In Part 6. of this series (which starts here), I discussed the fantastic power of “error”—how the compounding of tiny infidelities over long periods can yield a grand diversity of properties in self-replicating molecules/molecular systems. And yet, alongside the physical complexities that arise through this Natural Selection, there lies another kind of complexity—a complexity so mysterious to us we’ve made-up all sorts of gods, spirits, demons and alternate realities to explain how it came to be. I am speaking of the inner-experience of ourselves. Not just our consciousness, but our conscience, our intuitions, logic, desires, emotions, pains, and pleasures. I am talking about what all started with our ability to sense.

Sensing the outside world is a really big deal—even if it is something so mild as “seeing” brightness or “tasting” the presence of a certain chemical—it starts us on a path of internal complexity, a complexity that neuroscience shows corresponds to externally observable structures. These structures are usually, but not always, located in the brain, and should they be injured they can alter or even destroy the internal sense to which they correspond. We call this “brain damage.”

The evolution of internal-sensing, like the evolution of external structures, builds on it’s own back—that is to say, the ability to sense heat combined with the ability to sense an increase in one’s heart-rate both contribute to a “higher-order” sense of fear.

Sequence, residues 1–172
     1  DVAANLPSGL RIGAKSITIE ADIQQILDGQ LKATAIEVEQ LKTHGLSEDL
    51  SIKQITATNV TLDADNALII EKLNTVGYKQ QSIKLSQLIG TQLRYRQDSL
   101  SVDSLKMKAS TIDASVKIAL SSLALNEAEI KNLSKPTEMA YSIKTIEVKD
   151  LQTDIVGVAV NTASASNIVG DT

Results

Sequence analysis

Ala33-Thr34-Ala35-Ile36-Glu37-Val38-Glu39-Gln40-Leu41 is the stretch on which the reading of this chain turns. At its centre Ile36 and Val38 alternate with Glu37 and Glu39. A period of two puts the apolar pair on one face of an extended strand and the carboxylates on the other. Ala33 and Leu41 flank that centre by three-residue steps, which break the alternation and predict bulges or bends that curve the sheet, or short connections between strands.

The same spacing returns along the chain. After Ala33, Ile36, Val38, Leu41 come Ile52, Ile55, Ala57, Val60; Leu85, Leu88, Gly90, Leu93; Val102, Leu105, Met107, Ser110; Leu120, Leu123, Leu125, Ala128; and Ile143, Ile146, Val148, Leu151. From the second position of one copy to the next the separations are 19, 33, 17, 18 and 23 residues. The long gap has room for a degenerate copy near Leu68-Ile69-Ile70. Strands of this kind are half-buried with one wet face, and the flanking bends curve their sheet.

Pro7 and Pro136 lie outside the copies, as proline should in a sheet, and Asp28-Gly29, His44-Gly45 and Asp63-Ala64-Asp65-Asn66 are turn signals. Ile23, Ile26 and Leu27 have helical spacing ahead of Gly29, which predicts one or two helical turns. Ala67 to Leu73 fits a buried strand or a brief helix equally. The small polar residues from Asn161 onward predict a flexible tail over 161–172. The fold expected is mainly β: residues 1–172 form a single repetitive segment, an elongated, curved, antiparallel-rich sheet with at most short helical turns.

The evolution of our senses has followed a sequence that goes (very roughly) something like this:

Now one should not be tempted to think of this progression as a hierarchy; I am not proposing that the pinnacle of natural selection is a Starbuck-drinking, Whole-Food shopping, relatively moral, male homo-sapiens as pictured above. It’s important to keep in mind that in a sense every living thing is just as “evolved” as every other—we all lie at the (current) end of that great path of errors I previously spoke on. Certain types of errors have simply accumulated in certain types of organisms, giving them particular characteristics (and advantages)—while other characteristics have accumulated in others. The internal-sensing capabilities of our species are, in a way, no more highly-evolved than a star-nosed mole’s specialized capabilities to score a meal in places we’d not long survive.

In any case, it is in this sequence of our developing inner-experience that many people will say I have gone too far. They will not accept that the brain and body are responsible for the rich vastness of our interior lives or that combinations of brain functions present a solution to the “problem of consciousness.”

But that discussion we will save for next time…

NEXT: Part 8. More on Body and Soul